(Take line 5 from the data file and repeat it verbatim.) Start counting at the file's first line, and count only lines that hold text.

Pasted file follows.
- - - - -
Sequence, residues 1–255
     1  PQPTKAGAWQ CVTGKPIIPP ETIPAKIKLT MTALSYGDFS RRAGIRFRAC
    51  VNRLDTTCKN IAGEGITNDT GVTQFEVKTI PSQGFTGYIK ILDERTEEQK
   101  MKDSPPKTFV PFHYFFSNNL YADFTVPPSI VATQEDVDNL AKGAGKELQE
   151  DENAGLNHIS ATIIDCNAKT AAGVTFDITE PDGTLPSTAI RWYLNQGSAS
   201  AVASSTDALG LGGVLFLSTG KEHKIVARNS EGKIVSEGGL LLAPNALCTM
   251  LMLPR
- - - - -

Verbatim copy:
   151  DENAGLNHIS ATIIDCNAKT AAGVTFDITE PDGTLPSTAI RWYLNQGSAS